Initially when I set up the trailer hitch, completely loaded the trailer with food, gear, clothes, water, propane, etc. I found the tongue weight of the trailer exceeded SUV’s maximum capacity. By rearranging things and moving the spare tire from the front of the camper to the rear bumper, I got everything into specifications.
The rear bumper was not designed to handle the weight of a tire or anything else on it, so that required some steel and welding. But it worked, albeit with a twist. Take a look at our Niagara tent trailer below. The spare tire mounts on the body of the camper and is behind the bumper. This barely allowed enough room for a bike rack.
It was not possible to mount the spare tire to the body of the Milan’s rear without blocking the picture window or the tail light. It was possible to mount it on the bumper without block the tail light and not obstructing our picture window view.
But this made it impossible to mount a bike rack to the bumper.
Of course I figured this out when I was in a hurry to take the bikes on a camping trip and my only short-term solution was to temporarily put the spare inside the camper and then mount the bike rack to the bumper (below).
If we wanted to carry our inflatable boat in a cargo rack, I would constantly be changing racks on the bumper with no place to mount the spare tire.
Google is your friend
When these things happen in life, I often turn to Google. So my first challenge was to find a way to mount the spare tire somewhere, and somewhere meant the back end of the trailer.
This is a nifty set-up that allows you to mount the spare under the camper, and it has a sliding bracket that makes it easy to pull it away from the trailer for easy access. There several sizes and mounting options, so if you want one be prepared to do measuring. This solved my spare problem, and during my research I also found my cargo carrier solution, which I will discuss later. It is important to note that I had to make sure both solutions we compatible with each other.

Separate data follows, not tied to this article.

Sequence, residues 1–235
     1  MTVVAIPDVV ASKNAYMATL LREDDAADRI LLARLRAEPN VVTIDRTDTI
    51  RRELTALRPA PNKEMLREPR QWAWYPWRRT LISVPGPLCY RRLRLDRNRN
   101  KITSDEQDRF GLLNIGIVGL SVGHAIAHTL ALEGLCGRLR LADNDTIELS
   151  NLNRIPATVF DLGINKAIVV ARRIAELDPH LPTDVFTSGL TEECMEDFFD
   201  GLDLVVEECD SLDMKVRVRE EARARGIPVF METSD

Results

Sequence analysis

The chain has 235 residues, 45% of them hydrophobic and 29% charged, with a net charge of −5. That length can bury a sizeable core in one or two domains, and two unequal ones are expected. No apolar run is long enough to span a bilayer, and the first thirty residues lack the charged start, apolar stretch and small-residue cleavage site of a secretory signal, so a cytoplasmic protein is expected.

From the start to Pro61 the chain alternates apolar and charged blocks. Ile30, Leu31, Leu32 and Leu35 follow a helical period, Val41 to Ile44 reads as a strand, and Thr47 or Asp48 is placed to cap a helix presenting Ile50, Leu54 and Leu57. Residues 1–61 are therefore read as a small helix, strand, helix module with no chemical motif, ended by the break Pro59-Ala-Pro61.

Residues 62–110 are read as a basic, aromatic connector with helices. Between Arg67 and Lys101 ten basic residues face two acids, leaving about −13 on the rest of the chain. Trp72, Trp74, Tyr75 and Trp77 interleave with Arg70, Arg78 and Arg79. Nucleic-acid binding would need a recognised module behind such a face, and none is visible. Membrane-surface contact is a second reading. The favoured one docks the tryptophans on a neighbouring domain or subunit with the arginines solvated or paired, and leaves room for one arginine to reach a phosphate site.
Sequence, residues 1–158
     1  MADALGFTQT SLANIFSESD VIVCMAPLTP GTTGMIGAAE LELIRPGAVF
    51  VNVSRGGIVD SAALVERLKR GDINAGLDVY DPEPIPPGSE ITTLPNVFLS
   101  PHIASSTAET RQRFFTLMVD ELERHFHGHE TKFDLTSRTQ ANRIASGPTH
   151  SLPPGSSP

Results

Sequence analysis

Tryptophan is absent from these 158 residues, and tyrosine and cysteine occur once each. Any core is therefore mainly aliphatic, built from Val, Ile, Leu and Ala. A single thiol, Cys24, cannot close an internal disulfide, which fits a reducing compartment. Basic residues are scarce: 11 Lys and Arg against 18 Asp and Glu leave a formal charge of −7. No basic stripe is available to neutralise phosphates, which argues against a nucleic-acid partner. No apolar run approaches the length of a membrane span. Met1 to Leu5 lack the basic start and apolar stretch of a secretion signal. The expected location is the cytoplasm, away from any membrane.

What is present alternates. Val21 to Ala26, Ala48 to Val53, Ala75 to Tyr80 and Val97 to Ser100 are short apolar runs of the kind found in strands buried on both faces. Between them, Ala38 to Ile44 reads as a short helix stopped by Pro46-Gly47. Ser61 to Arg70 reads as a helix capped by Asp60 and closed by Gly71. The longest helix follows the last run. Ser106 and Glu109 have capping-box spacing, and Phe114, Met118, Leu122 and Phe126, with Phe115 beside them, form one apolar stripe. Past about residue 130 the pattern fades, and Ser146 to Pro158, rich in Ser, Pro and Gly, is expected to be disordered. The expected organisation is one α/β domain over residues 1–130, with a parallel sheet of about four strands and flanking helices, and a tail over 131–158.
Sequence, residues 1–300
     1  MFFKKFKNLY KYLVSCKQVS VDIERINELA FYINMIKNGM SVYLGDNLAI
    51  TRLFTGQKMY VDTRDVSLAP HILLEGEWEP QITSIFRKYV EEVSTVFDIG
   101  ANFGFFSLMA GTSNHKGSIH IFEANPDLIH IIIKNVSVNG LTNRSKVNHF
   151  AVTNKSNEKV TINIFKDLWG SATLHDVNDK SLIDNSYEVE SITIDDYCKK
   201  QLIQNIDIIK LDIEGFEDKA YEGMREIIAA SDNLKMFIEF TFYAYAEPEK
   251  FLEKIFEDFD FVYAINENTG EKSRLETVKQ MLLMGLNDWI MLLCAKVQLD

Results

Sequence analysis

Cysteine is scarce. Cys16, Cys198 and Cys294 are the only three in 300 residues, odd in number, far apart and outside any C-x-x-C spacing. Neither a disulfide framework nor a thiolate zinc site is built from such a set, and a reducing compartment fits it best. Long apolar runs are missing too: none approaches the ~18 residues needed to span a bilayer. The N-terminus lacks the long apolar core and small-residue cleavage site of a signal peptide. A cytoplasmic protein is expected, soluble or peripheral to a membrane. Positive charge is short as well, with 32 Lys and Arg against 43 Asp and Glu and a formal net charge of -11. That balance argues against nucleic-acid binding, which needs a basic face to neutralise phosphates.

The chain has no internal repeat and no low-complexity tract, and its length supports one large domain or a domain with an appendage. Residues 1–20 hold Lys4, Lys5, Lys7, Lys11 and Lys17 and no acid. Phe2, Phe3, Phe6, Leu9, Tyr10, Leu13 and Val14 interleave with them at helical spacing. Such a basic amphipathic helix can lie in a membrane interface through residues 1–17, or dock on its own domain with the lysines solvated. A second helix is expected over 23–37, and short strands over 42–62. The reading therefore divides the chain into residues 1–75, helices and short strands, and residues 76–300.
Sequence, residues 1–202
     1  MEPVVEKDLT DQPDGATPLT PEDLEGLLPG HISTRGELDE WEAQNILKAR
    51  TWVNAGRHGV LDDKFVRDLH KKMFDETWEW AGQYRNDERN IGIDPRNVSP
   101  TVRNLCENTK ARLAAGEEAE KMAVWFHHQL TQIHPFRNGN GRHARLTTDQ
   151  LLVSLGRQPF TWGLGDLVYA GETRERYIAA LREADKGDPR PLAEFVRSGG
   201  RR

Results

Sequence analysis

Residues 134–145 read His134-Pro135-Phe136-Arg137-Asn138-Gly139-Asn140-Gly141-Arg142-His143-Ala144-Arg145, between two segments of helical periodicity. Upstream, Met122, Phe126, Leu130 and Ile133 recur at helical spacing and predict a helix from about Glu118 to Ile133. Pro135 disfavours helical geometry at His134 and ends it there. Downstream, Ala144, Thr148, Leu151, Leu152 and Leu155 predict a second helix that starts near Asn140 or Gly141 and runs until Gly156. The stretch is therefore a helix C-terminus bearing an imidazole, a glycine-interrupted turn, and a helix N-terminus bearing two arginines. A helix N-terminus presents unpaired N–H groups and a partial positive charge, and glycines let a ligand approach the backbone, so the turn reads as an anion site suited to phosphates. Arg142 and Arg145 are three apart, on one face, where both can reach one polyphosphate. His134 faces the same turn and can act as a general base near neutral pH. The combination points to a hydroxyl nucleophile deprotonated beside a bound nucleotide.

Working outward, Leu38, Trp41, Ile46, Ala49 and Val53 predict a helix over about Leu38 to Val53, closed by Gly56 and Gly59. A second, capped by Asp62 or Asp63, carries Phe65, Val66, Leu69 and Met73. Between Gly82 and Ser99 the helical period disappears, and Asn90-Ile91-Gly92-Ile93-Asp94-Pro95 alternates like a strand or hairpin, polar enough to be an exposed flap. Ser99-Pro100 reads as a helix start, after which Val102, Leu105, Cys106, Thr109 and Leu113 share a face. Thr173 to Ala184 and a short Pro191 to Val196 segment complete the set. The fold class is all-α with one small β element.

Curtis Class III Adjustable Frame Mounted Trailer Hitch Receiver
I came to the conclusion it was best not to mount cargo carriers to the bumper, but to install a trailer hitch receiver that would accept different types of carriers. This would make it quick and easy to change configurations. You know me; time is valuable and a minute saved is a minute to be use camping or backpacking.
So after measuring, inspecting, and re-measuring I concluded that I could fit the BAL Hide-a-spare and the adjustable Curtis trailer hitch receiver at the back of the trailer.
Hitch receiver under the rear bumper.
Thule T2 2-bike rack quickly mounts directly into the receiver.
I was unable to find a basket style cargo carrier that had a long enough hitch mount to clear the bumper. So I had to purchase a 7” inch hitch extender.
Notice that the extension reduces the hitch capacity by 1/3. The hitch is rated at 500 lbs, so the maximum I can put in the basket cargo carrier will be 335 pounds. The most we will ever need is about 225 lbs for our inflatable boat and outboard motor.